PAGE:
Editor’s note: With foreclosures on the rise in many parts of the country, Inman News examines the legal risks of investing in foreclosed properties at auction, describing the most common legal problems that arise and explaining how two investors had to fight in court to keep the property they purchased at auction after the former owner raised legal challenges.
Editor’s note: With foreclosures on the rise in many parts of the country, Inman News examines the legal risks of investing in foreclosed properties at auction, describing the most common legal problems that arise and explaining how two investors had to fight in court to keep the property they purchased at auction after the former owner raised legal challenges. (See Part 2 and Part 3.)
Smart real estate investors are no doubt putting two and two together. Real estate markets have cooled. In addition, foreclosures were up 33 percent in April from just 12 months before, as Inman News has reported.
Investors may add up those two facts and conclude that buying property at a foreclosure auction is the next smart move in real estate investing.
That may be true, but only for exceptionally careful investors who know the legal risks of buying property at a foreclosure sale — and there are many. Just ask me. I ran into several big ones when a friend and I bought a condo at a foreclosure auction several years ago.
Luckily, we were both recent graduates of law school and were working as litigators at law firms. Because of that, we didn’t have to sink additional money into our investment to pay for lawyers to guide us through the legal tangles we faced. However, we were forced to wait to see the property — and learn of its true condition — for six months after we’d forked over nearly $200,000 in cash for it at the auction.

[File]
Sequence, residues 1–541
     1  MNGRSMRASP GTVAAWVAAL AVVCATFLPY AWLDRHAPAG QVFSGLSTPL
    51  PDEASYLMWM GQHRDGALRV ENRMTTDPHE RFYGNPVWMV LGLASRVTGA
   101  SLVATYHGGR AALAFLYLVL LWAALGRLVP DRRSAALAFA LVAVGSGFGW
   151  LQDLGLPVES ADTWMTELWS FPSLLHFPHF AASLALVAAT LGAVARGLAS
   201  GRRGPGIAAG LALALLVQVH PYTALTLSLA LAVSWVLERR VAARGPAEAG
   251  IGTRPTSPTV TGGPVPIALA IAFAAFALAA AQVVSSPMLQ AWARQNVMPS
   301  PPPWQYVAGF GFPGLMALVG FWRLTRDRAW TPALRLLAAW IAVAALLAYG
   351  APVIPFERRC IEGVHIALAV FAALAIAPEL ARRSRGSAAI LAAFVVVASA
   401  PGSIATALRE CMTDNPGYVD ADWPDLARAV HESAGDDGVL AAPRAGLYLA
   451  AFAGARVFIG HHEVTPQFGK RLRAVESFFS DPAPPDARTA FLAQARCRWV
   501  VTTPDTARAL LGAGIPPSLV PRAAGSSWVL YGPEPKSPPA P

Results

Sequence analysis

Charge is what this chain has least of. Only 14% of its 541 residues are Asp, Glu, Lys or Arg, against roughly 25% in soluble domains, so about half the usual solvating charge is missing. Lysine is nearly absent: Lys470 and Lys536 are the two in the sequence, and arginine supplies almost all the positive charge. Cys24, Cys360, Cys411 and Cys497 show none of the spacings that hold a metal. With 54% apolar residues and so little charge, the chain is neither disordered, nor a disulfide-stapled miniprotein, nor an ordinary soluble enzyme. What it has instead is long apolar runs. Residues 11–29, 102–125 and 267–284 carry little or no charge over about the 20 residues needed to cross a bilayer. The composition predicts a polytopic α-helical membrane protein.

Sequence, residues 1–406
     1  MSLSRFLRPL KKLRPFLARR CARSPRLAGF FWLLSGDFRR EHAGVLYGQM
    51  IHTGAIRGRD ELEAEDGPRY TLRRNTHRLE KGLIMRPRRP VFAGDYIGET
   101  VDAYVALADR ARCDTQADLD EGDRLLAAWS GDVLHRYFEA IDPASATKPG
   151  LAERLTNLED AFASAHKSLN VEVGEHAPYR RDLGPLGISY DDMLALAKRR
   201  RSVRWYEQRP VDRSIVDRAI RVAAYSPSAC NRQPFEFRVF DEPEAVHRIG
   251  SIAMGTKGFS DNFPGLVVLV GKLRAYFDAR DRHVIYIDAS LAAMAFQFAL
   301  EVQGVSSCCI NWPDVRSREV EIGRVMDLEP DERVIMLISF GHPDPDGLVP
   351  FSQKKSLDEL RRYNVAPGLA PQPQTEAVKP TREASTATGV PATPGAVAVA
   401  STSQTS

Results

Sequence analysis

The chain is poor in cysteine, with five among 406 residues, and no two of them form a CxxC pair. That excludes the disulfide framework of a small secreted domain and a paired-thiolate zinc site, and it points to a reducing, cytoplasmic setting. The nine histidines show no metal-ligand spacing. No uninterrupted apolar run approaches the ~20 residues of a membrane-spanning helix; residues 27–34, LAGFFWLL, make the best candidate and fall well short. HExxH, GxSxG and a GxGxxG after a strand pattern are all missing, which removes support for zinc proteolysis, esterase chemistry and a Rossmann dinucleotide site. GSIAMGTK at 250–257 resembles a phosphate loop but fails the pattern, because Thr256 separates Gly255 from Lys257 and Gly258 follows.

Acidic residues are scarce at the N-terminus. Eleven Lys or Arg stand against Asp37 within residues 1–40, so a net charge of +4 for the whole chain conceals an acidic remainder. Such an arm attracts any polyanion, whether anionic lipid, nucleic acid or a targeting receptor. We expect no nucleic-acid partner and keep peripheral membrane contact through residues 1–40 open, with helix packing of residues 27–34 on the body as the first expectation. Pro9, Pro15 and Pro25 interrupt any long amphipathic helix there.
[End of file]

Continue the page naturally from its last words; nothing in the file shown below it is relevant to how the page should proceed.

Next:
Our investment turned out to be profitable, and I’d invest in another foreclosure. But I’m a lot smarter about it than I was when I operated on blind faith and paid cash for a property whose interior I’d never seen.
Bruce Bronster, a lawyer with Dreier LLP in New York City, who represents institutional clients such as lenders in foreclosure sales, says that he, too, would invest in property at a foreclosure sale, but that’s only because he considers himself fully informed about the legal risks through his legal practice. “The legal problems that can come up in foreclosure sales don’t come up often,” he says, “but when they do, they can be catastrophic to the investment.”
“There are a substantial number of experienced bidders at foreclosure sales whose business it is to buy and sell foreclosed properties and who are acutely aware of the very significant risks involved,” Bronster said. “For the foreclosure purchaser, there’s a diversification risk in that most purchasers are looking at one property. When there’s a shark who’s buying 200-300 properties a year and flipping them,” he said, that “shark” can spread the loss from one catastrophic event across all the investments.
“When you’re a single-purchase investor, you have a tremendous amount to lose,” Bronster said.
That’s exactly why I wouldn’t recommend investing in property at a foreclosure sale unless you fully understand the legal risks. You also have to build in extra time and money to cover the costs of hiring a lawyer to handle the problems that can literally turn a profitable investment into a total wipeout. If you don’t have access to legal expertise, the money to pay for it, and the time it takes to resolve the legal problems built into your investment plan, the risk of investing in foreclosures is simply too high for you.